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R-Rating Sunk BioShock Movie Plans

Soulskill posted more than 3 years ago | from the look-at-little-sister dept.

Movies 140

Back in 2008, it was announced that BioShock would be getting a movie adaptation. Those plans never really materialized, and director Gore Verbinski has now explained why: "I couldn't really get past anybody that would spend the money that it would take to do it and keep an R rating. Alternately, I wasn't really interested in pursuing a PG-13 version. Because the R rating is inherent. Little Sisters and injections and the whole thing. I just wanted to really, really make it a movie where, four days later, you're still shivering and going, 'Jesus Christ!' It's a movie that has to be really, really scary, but you also have to create a whole underwater world, so the price tag is high. We just didn't have any takers on an R-rated movie with that price tag."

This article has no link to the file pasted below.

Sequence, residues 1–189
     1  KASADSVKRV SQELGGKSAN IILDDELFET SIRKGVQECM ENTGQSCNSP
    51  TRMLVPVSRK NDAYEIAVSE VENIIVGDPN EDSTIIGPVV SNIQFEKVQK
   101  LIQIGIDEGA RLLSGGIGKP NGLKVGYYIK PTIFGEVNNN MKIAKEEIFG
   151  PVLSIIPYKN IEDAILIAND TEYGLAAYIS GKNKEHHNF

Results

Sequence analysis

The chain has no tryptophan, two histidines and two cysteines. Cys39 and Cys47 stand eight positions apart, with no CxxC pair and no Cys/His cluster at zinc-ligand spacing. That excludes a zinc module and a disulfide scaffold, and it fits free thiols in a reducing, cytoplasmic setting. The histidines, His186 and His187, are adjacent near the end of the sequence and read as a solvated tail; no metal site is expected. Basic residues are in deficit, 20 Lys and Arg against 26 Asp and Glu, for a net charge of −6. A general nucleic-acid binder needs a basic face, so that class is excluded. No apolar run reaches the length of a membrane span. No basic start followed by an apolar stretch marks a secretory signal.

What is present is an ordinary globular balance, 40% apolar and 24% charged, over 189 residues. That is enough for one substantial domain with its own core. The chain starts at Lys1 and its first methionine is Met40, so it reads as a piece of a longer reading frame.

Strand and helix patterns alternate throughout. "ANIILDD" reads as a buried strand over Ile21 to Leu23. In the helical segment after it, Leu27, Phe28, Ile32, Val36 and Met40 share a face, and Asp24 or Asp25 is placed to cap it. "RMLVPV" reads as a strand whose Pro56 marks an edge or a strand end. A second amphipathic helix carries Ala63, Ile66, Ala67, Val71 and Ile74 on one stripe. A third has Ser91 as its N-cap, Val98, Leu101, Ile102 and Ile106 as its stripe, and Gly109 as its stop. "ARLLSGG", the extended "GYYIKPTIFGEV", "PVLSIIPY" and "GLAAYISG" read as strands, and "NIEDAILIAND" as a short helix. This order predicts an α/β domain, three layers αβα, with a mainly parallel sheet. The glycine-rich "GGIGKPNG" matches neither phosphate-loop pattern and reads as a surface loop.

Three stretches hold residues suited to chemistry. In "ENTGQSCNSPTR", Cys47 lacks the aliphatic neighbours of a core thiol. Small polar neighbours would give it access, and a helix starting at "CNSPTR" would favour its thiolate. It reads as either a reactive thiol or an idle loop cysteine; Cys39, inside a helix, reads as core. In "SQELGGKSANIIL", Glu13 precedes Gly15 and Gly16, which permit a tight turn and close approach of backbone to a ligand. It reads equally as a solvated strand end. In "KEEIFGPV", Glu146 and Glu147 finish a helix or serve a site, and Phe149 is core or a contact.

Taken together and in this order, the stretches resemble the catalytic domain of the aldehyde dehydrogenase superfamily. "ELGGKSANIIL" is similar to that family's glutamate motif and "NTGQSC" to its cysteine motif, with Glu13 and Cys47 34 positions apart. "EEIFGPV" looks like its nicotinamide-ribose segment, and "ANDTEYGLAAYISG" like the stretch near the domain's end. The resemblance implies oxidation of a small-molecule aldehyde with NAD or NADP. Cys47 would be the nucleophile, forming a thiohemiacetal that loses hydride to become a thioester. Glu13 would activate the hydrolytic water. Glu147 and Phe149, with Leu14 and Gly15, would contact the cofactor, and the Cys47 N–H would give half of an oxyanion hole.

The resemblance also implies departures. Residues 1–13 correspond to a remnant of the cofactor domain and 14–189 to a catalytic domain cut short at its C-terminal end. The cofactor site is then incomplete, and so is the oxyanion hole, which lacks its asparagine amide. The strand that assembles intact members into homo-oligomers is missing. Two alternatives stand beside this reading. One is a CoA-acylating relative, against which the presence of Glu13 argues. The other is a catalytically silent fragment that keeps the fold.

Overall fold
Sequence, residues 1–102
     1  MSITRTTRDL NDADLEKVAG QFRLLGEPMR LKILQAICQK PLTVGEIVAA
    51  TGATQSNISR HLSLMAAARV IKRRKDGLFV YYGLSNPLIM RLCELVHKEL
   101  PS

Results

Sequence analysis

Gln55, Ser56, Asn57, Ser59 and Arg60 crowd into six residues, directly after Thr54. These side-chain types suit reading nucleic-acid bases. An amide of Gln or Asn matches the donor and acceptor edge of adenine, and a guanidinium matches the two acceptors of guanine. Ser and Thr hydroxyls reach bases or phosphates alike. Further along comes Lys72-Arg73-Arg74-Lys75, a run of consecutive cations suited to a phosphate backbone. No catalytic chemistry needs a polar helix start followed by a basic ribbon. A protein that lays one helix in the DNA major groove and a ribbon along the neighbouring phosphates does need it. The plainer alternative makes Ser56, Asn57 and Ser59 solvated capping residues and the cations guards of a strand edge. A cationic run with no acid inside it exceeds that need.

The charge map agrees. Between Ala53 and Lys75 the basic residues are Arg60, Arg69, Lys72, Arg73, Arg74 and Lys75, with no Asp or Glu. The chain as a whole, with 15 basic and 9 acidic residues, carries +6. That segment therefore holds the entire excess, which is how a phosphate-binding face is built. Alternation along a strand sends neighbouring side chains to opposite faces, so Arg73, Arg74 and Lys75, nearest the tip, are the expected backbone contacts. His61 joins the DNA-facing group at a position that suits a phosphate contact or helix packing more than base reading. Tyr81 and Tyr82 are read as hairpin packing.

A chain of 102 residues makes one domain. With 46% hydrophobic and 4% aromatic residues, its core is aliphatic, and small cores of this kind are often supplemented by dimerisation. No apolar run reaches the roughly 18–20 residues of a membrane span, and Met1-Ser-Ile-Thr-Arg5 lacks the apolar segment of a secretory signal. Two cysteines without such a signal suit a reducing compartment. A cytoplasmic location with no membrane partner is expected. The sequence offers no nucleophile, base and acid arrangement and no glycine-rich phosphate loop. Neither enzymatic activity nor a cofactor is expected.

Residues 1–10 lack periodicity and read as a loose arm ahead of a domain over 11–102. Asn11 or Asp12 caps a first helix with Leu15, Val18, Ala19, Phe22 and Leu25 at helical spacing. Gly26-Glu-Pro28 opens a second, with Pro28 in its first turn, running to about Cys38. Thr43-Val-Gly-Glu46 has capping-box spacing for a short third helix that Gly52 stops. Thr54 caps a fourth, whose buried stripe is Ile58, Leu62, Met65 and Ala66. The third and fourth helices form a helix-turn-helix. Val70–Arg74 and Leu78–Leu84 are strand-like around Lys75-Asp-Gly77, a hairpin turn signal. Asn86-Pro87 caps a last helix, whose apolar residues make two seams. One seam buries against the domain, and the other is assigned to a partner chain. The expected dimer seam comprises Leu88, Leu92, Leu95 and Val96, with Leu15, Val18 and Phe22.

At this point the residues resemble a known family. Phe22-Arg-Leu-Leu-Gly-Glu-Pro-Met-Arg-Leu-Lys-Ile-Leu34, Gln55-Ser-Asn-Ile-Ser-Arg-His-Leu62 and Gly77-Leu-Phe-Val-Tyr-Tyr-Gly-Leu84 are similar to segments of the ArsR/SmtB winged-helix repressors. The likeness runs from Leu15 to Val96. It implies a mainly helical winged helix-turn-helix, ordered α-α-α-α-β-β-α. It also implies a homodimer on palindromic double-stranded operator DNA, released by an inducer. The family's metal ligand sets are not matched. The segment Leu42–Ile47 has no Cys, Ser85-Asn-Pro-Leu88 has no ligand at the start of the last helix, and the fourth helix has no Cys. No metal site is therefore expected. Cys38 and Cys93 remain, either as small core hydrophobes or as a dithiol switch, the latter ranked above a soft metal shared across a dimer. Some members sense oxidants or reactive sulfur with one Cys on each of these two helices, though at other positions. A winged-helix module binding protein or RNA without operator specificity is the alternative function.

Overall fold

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damn (1)

Akare (554350) | more than 3 years ago | (#35218900)

sounds awesome

Re:damn (4, Insightful)

berwiki (989827) | more than 3 years ago | (#35220516)

is anyone surprised? you have to murder little girls for their spirit energy or whatever. the base concept is a little fucked up.

Re:damn (1)

Intrepid imaginaut (1970940) | more than 3 years ago | (#35220580)

I don't get it though, shows like Supernatural have that sort of stuff in them all the time, and you can do an awful lot by implication, just look at Paranormal activity. I think the direction he was going to take is the problem here, not the basic concept.

Re:damn (1)

Danse (1026) | more than 3 years ago | (#35220708)

I don't get it though, shows like Supernatural have that sort of stuff in them all the time, and you can do an awful lot by implication, just look at Paranormal activity. I think the direction he was going to take is the problem here, not the basic concept.

Wasn't Paranormal Activity rated R? The game is definitely more adult fare. It's very dark, and certainly has imagery and themes that should probably be covered by an R rating. I don't know that he could make the movie and stay faithful to the game without going that route. Not sure what alternative you're suggesting.